three sweaters

frontyoke

I thought I’d show you my three new sweaters! First up is this lovely Fairisle yoke (bought for £16 on eBay).

yoke

This is a garment of a kind that is still being made in Shetland, and that you can find in Lerwick today in shops like The Spider’s Web. I think its a lovely example. The body has been knitted by machine, and the yoke inserted afterward by hand.

yokeinside

The blending of the colours on the yoke is beautiful, and the hand-finishing is exemplary, particularly around the steeked opening for the back neck.

backyoke

The garment is in great condition and shows no signs of wear at all. I fully intend to wear it!

Next up is a sweater that – shock horror – I just knitted for myself.

bowmontfabric

This garment is knitted in some wonderful yarn that I hand-dyed myself at a workshop at Lilith‘s studio four years ago – Bowmont Braf 4 ply. Words cannot express how much I love this yarn – it is springy and sheepy and robust . . . it has a deeply matt, slightly felted appearance, but retains a bouncy hand. Dyed up on it, colours appear soft and muted, as if already worn for a long time. Plus, the yardage is incredible. What’s not to like? Well, only the fact that its long-discontinued. (If anyone knows of a supplier of bowmont fibre please do let me know!). Lilith was very taken with the yarn as well, and our dyeing workshop was the beginning of our collaboration on the Fugue design, which she dyed up as a kit in her glorious Dreich and Lon Dubh colourways. Coincidentally, I know that Lilith is currently knitting an Ursula with her secret Bowmont Braf stash, and I can’t wait to see it.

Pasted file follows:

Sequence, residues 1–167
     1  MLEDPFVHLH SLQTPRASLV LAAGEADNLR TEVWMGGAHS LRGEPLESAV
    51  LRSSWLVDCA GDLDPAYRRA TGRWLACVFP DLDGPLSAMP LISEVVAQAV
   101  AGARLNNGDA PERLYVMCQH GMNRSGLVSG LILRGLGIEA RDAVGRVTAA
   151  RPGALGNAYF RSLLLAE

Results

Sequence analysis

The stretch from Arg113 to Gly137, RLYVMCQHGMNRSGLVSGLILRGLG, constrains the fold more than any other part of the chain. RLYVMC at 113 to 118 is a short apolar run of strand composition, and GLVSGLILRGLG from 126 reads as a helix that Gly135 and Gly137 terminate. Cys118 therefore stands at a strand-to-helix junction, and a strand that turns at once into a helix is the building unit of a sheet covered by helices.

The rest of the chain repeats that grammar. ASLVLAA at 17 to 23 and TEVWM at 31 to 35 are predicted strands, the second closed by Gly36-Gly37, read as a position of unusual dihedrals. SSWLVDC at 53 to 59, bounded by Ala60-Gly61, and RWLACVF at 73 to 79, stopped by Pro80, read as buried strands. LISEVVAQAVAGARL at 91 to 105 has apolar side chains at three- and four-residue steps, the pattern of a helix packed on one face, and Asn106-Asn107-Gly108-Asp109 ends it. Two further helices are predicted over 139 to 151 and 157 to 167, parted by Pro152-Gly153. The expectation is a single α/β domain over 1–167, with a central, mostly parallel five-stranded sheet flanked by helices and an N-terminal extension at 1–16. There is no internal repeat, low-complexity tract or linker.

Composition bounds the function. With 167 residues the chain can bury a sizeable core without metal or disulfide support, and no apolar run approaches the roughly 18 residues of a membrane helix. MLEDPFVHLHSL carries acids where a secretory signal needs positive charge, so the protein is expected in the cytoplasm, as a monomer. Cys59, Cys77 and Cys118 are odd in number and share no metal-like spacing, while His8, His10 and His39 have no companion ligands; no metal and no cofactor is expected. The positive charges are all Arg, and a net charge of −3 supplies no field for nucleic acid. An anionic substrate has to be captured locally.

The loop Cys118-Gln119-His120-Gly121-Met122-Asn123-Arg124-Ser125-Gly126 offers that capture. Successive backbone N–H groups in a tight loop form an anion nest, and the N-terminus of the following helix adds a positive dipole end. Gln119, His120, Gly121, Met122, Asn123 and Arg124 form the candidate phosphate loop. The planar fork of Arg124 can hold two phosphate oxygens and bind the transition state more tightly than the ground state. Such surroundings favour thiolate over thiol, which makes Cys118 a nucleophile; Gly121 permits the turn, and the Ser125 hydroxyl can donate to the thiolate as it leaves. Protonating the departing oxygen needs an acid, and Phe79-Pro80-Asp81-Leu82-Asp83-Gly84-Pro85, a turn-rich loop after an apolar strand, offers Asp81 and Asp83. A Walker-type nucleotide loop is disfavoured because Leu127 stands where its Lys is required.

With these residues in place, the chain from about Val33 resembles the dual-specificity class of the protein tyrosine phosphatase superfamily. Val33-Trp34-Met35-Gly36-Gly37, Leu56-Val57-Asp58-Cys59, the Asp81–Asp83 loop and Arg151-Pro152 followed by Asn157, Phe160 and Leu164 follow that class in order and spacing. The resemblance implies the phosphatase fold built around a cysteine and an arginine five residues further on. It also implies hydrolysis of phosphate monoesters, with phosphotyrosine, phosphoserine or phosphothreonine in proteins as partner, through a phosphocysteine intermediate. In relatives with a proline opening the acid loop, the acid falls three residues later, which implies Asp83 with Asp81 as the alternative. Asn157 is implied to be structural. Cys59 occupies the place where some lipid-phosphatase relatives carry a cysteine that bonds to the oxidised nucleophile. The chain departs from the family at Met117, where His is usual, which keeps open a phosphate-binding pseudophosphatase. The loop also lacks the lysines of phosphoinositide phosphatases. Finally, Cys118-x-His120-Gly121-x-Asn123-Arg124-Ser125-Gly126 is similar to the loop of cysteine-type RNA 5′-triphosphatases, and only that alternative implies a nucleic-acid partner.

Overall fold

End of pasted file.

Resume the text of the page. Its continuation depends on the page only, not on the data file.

Anyway, back to the knitting.

As a designer, I think its important to get one’s head around different garment-construction methods – I learned to design yoked sweaters by knitting yoked sweaters – and though I’m familiar with many different top-down sleeve constructions, I’d never tried Susie Myers’ contiguous method, which (essentially) allows you to produce a seamless, top-down, set-in sleeve without the need for picking up stitches around the armscye (which is my usual method). I read the contiguous ‘recipe’, browsed the contiguous threads on Ravelry, purchased a couple of Ankestrik‘s excellent patterns for informed reading, and decided to attempt the method by knitting a sleeve which was a combination of saddle and set-in. The idea was to familiarise myself with the contiguous method’s basic principles, while turning my precious stash of Bowmont Braf into a simple, loose fitting sweater that I could enjoy wearing everyday.